I believe being a Lorettonian is about having the confidence to have a go at anything.
Loretto's distinctive ethos and atmosphere are moulded by its unusual history and willingness to stick to its convictions.
Founded in 1827 (Scotland's oldest boarding school), Loretto became known throughout Britain during the formative and brilliant headmastership of Dr Hely Hutchinson Almond (1862-1903). His strong belief in the development of the individual in the round - in mind, body and spirit - and in the value of "a community living according to the dictates of reason" can still be seen today. Although Loretto has grown substantially from the 136 pupils under his care a hundred years ago, the same desire for the headmaster to know each individual pupil remains. The value placed on communal activities, such as the daily school gathering (the Headmaster's 'Double') and on communal singing, remains high. Today's Lorettonians benefit from Dr Almond's dislike of constrictive dress (through the absence of a tie for daily dress) and from his enjoyment of the red jacket.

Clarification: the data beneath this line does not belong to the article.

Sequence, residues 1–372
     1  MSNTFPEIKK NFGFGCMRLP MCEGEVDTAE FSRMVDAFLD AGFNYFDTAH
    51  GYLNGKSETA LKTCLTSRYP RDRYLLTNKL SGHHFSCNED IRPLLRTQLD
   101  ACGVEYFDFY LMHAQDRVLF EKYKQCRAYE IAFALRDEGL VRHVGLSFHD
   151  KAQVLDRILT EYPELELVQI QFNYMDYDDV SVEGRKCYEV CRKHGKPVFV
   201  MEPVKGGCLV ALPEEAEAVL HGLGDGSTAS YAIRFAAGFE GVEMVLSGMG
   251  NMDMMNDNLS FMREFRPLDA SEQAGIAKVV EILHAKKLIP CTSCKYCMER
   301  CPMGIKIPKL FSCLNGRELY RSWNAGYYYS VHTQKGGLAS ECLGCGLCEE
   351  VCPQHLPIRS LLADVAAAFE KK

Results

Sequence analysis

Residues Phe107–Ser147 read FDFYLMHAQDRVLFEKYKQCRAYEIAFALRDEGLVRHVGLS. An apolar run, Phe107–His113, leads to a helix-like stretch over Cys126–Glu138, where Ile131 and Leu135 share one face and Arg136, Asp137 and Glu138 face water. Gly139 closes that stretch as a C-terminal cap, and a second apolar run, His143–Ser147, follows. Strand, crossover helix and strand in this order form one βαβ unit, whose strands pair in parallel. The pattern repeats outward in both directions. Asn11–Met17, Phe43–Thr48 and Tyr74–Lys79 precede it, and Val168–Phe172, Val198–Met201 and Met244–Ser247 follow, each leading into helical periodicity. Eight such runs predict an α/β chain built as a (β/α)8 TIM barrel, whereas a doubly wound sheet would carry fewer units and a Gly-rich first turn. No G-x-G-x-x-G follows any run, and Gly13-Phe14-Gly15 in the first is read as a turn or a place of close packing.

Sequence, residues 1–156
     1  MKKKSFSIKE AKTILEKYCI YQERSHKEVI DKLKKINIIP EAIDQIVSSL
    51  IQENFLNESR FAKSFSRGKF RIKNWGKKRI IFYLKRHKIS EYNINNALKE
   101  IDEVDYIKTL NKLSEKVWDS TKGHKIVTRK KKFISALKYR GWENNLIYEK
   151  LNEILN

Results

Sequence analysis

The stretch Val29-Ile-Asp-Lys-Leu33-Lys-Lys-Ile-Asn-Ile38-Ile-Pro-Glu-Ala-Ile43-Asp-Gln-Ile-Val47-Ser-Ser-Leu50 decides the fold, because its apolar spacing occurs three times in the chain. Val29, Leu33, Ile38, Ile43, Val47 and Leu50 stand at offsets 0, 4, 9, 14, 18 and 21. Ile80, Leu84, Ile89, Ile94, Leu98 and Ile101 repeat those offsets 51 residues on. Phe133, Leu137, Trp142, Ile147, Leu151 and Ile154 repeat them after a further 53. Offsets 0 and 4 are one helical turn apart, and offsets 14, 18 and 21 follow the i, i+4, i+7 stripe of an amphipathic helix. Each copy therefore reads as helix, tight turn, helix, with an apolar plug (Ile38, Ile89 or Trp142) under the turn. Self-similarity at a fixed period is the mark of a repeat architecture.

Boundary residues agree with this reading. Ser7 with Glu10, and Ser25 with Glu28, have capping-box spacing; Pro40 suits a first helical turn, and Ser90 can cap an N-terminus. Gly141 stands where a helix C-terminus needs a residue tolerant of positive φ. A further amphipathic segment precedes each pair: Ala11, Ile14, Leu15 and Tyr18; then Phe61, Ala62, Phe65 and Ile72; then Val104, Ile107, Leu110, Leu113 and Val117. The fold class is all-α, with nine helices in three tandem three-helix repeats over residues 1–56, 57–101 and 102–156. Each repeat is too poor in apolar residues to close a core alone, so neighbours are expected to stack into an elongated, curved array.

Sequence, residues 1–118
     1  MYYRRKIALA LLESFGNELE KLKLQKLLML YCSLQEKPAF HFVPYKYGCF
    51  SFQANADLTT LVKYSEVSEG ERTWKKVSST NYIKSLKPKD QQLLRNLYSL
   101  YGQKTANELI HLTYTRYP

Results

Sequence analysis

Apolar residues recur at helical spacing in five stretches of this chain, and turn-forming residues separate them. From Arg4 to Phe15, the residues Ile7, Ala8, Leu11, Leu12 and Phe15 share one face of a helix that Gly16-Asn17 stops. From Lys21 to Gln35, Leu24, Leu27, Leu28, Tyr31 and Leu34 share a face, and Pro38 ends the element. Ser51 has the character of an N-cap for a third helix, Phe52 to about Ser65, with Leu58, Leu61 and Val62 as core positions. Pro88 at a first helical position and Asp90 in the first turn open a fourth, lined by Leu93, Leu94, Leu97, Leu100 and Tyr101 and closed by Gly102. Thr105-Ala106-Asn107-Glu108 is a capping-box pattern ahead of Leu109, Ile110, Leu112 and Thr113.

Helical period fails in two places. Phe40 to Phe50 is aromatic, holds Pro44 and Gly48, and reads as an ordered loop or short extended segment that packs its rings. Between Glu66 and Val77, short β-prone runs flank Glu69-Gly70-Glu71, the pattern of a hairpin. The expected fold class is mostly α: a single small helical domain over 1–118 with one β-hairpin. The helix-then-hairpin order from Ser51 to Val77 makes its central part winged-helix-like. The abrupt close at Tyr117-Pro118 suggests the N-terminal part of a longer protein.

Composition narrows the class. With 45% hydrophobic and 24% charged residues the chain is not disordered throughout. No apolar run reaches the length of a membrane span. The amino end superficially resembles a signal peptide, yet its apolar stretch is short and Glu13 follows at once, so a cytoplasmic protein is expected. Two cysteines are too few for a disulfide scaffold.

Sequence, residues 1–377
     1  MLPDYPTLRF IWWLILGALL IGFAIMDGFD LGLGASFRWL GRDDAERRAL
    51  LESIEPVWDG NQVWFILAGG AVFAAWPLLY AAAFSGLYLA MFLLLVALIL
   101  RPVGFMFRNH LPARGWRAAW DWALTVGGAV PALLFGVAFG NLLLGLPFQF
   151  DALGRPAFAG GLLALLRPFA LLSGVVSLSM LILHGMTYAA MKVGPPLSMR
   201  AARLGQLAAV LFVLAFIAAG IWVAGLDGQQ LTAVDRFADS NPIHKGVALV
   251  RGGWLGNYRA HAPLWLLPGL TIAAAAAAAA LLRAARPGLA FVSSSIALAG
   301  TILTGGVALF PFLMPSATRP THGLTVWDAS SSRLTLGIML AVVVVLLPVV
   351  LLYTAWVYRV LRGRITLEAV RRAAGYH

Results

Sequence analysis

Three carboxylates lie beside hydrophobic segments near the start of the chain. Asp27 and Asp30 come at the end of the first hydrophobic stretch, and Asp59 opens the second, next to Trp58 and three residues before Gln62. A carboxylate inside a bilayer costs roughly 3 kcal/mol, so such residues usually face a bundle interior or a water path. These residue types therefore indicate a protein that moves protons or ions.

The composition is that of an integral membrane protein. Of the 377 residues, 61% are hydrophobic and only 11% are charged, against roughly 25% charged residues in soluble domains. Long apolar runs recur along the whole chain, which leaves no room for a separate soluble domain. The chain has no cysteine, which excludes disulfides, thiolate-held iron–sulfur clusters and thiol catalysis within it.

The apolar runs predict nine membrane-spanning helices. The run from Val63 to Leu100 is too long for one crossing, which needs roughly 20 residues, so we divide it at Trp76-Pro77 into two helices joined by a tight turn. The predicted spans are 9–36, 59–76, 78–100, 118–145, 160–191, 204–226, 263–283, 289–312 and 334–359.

In 1981 girls joined the Sixth Form and in 1995 the Third Form, so making the school fully co-educational in 1997.
The Loretto Junior School, founded by Dr Almond in his house at North Esk Lodge in 1891, extended the Loretto family to younger pupils (affectionately known as Nippers). These range from the age of 3-12.We believe that young people's desire and responsibility for others develops best when they are engaged within a busy community. Loretto is very much a seven-day-a-week community, expecting the fullest involvement from pupils and staff. Day pupils are fully included in all of this.
The intellectual life of the School has been considerably sharpened by the present headmaster but in addition to this and as well as gaining innumerable skills and experience of a wide variety of activity, Lorettonians do experience and develop that element of care which is aptly described by Iris Murdoch: "Love is the proper recognition that other people actually exist."